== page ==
Success for Bell’s new company


After obtaining a monopoly position in telephone operations in the US in 1877, the company concentrated its investments on the most lucrative markets in large metropolitan areas , where high subscription rates were charged. During the next 12 months, Bell also established operations in Europe, starting in the United Kingdom and soon activities had also been established in Sweden. In the European market, however, Bell was to be exposed to competition from other companies.

In order to expand outside the US, a new company was established in 1880 called The International Bell Company, with the aim of building up a telephone system outside the US. Meanwhile, the Parent Company was renamed The American Bell Telephone Company.

By the time Bell’s patent in the US expired in 1895, the company had amassed a total of some 300,000 subscribers throughout the country. However, the doors were now opened to intensive competition even in the domestic market. Within the next three years, no less than 6,000 new telephone companies were formed, primarily in rural areas and small towns. Subscription rates were sharply reduced and within ten years, the US had a total of 5 million installed telephones and the Bell companies’ share of the total subscriber base had declined to about 40 percent.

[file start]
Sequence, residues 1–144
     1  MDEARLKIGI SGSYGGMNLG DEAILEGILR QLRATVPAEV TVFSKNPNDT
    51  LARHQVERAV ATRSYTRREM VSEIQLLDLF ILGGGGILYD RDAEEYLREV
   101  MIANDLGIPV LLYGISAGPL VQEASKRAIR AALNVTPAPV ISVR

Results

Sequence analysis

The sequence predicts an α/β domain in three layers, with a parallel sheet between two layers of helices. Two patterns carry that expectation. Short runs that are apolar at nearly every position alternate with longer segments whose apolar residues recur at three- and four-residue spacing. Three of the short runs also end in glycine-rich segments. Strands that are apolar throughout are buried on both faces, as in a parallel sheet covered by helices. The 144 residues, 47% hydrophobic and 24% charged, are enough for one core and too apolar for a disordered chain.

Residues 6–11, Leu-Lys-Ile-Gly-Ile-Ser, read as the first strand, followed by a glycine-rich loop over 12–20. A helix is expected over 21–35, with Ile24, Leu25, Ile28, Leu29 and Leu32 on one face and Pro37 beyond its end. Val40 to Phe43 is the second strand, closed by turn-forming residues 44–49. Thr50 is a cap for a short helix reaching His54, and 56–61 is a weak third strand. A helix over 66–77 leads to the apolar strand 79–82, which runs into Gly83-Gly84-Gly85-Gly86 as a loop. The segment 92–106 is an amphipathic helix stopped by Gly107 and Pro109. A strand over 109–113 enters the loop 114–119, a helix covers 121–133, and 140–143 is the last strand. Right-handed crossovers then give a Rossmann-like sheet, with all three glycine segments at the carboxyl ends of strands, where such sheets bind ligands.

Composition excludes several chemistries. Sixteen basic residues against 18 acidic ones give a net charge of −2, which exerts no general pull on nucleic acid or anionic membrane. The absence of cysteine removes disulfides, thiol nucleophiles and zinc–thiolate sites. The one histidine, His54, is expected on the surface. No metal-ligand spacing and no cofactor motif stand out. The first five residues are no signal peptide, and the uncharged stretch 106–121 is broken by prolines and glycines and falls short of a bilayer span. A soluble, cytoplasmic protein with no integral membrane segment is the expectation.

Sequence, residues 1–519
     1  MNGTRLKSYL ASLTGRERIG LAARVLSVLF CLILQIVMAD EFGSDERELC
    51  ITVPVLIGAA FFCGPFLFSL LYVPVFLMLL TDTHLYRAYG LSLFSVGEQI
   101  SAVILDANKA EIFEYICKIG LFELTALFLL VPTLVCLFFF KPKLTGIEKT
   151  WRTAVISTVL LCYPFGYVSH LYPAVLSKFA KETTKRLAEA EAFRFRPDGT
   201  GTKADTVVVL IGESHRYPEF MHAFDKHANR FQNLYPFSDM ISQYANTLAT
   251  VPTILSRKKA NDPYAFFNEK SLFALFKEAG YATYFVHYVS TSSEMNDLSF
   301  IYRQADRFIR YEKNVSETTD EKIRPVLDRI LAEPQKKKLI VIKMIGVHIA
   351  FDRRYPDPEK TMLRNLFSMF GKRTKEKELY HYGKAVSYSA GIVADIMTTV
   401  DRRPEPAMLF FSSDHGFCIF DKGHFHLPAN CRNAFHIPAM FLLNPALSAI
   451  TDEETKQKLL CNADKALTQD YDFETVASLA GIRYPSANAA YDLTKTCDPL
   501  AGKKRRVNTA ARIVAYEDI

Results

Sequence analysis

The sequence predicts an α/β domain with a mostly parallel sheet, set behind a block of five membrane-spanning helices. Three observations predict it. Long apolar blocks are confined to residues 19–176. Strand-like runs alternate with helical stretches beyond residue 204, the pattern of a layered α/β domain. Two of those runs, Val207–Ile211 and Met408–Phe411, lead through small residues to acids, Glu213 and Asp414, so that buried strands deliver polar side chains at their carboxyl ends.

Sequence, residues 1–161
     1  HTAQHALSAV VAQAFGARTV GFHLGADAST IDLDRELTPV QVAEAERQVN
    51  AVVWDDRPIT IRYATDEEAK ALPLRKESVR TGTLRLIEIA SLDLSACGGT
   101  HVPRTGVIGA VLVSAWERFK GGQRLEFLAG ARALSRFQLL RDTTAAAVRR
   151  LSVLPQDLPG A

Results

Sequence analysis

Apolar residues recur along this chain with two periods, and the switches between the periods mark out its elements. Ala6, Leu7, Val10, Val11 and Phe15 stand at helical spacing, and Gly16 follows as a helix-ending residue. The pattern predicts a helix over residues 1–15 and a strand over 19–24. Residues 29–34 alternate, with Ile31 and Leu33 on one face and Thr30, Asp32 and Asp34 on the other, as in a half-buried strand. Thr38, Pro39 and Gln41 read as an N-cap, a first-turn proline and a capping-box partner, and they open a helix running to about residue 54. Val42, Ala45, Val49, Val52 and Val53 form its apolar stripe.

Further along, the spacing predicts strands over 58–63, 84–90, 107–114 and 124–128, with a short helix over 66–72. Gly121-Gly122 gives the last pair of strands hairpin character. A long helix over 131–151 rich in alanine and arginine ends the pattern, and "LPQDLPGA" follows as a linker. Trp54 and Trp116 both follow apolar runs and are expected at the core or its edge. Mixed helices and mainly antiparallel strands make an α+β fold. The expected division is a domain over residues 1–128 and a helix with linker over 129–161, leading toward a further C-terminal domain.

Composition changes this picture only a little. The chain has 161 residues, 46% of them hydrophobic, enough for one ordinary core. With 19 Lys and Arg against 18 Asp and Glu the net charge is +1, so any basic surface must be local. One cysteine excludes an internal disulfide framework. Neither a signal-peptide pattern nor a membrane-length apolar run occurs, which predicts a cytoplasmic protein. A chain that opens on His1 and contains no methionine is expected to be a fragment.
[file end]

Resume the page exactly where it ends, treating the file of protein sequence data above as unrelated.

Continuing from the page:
Bell countered the threat presented by these new competitors by implementing a comprehensive change of strategy, electing to focus now on high technical quality, good service to subscribers and, not least, a strong focus on inter-urban telephony. The company quickly succeeded in recapturing a market share, which now totaled about 80 percent.

Substantial resources were invested in research and development, which resulted in a new technology for long-distance telephony, among other advances. On January 25, 1915, the first telephone connection between the eastern and western coasts of America was inaugurated. The initial call was made by Alexander Graham Bell in New York to Thomas Watson, his assistant during the development of the telephone 40 years earlier, who was in San Francisco.

Author: Arne Kaijser

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